Tim O'Rourke, vice president for computer and information services at Temple University, makes it a point to ask students in the classes he teaches whether they swap peer-to-peer (P-to-P) music and video files. He has yet to get no for an answer. With 33,000 network users, 5,000 of whom live on the Philadelphia campus, P-to-P file swapping has brought the university's network to its knees more than once, he says.
At the University of Florida, network services supervisor Rob Bird at one point last year recorded 3,500 simultaneous network connections to Kazaa, a popular P-to-P music site. That figure represents almost half of all students who reside on the Gainesville campus.
Colleges and universities are on the front line when it comes to combating the various computer security, copyright infringement and network overload problems that can result from users swapping massive P-to-P files. As a result, schools have been forced to come up with effective systems not only for detecting bandwidth hogs, but also for differentiating between legitimate and illegitimate P-to-P file transfers and pulling the plug on illegal activity. In several cases, their tools and tactics have resulted in a significant reduction in P-to-P headaches, making them well worth a close look by corporate IT managers, many of whom are facing the same problems.
Consider the University of Florida. Within an hour of implementing a homegrown network tool known as Icarus, network managers recorded an 86 percent drop in illegal P-to-P uploads to the Internet from the university's residence halls. Downloads dropped by 30 percent. School newspaper articles and the student handbook had also informed students about the university's downloading policies and the disciplinary actions that would be taken against violators.
Icarus, short for Integrated Computer Application for Recognizing User Services, collects and combines data from all of the university's many disparate network management systems. Once combined, the information can be analyzed in a comprehensive manner.
"We realized we had all of the (network monitoring and management) tools we needed. We just needed to find a way to use them all together," Bird explains. "By collecting data in one place, we're able to detect application usage in new and unusual ways."
How it works
Whenever Icarus detects P-to-P activity on the network, the software sends a pop-up message to the offending user's computer. If the user is a first-time violator, he is automatically directed to an educational Web site that outlines the university's network usage policy and specific details on his particular violation.
Second-time offenders are immediately restricted to on-campus Internet usage for a period of five days. Third-time violators are cut off from all Internet connectivity beyond the campus and immediately referred to the university's judicial affairs office.
"We try to stick to campus restriction as the most severe punishment, to minimize the impact on academic use, because there's plenty of legitimate applications that need to be accessed by students," Bird says.
Since the start of the academic year in September, the system has uncovered 919 first-time offenders and only nine repeat offenders.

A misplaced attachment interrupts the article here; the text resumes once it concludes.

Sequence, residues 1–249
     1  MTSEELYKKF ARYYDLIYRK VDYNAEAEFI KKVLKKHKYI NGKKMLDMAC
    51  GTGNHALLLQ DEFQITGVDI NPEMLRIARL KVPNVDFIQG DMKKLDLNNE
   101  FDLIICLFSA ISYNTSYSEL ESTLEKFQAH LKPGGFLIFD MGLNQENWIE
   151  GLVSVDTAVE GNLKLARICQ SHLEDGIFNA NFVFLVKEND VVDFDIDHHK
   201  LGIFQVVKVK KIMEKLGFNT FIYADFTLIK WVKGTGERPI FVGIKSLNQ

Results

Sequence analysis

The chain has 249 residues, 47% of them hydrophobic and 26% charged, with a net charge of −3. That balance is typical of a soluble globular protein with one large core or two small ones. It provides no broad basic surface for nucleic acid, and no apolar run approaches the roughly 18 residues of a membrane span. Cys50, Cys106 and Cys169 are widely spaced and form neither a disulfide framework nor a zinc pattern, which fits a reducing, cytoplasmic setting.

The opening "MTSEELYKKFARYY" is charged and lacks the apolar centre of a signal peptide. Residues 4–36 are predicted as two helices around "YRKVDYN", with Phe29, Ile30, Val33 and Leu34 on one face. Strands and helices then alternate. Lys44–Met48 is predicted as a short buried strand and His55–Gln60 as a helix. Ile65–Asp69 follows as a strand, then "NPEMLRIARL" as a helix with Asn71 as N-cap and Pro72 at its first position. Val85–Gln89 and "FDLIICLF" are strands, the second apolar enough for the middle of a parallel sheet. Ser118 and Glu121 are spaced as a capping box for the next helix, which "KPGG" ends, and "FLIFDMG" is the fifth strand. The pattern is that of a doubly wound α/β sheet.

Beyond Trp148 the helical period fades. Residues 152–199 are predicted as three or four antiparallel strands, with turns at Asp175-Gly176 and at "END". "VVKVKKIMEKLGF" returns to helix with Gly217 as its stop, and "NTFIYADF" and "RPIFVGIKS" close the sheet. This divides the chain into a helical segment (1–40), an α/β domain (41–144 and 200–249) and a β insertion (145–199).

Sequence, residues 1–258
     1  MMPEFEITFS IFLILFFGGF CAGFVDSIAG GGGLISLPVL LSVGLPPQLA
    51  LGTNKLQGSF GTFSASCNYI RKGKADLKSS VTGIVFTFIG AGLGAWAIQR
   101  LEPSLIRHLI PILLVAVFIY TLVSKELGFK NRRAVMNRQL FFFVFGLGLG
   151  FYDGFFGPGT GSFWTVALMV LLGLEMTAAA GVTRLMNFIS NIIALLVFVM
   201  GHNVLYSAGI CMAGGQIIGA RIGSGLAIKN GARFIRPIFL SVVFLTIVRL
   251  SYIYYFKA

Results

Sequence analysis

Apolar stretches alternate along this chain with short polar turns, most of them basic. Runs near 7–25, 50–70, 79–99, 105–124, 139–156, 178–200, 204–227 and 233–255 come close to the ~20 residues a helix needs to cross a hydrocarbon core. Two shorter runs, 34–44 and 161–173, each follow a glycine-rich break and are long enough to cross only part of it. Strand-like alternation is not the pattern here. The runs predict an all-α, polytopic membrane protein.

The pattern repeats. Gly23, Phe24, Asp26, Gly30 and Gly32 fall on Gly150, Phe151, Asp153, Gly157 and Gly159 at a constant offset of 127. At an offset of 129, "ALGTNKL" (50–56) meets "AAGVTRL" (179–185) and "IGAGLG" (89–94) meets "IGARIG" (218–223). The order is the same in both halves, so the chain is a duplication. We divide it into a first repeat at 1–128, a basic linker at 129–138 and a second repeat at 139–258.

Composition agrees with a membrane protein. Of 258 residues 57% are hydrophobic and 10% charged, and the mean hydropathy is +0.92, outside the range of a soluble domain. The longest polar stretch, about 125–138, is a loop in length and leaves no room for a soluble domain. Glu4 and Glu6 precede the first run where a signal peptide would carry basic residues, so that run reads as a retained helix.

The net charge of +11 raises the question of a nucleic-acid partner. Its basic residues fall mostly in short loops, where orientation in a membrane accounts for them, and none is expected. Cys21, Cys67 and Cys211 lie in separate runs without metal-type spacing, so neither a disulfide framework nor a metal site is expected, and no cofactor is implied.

"It's been extraordinarily successful," Bird says, adding that the university plans to release the application as an open-source project in the spring.
Differentiating between legal and illegal P-to-P files can be difficult for network managers, since most colleges have policies against viewing the content of files. The University of Miami in Coral Gables, Fla., keeps it simple by limiting all students to a maximum of 48MB of dedicated bandwidth.
"We tell them to use it wisely to do whatever they have to do. That could be downloading images from medical journals, or videos related to school communications," notes CIO Lew Temares. It also could be swapping music files, Temares concedes, which is why the university has implemented two network filters that sniff file transfer protocols and eliminate those with the known characteristics of P-to-P files that the university has identified as illegal. These include sites like Kazaa and Blubster that are primarily for downloading music.
At Temple, administrators are considering going a step further and implementing a policy that would deny hardware and software support to students whose computers contain illegal P-to-P programs and files.
The university also recently purchased an enterprisewide license for Symantec Corp.'s Norton AntiVirus software, which all students are required to install on their computers before they can tie into the university's network.
"I don't really want to work on (a computer) it takes me six or seven hours to rebuild because it has all this junk on it," O'Rourke says. "The Welchia (worm) alone has cost me at least US$400,000 in the last month just in time."
Chuck Linebaugh, director of information systems at Chicago law firm O'Hagan, Smith & Amundsen LLC, says corporate IT managers like him have somewhat more leverage over employees than university network managers may have over students. Linebaugh's firm locks out all P-to-P application programs and conducts weekly checks on all files for any illegal P-to-P activity.
Still, he keeps a close eye on the precautions that other IT managers, particularly university network managers, are taking on the P-to-P file-swapping front. One big reason, he notes, is self-preservation. "If we're investigated and files downloaded by users are on our network, we're liable for that," Linebaugh says.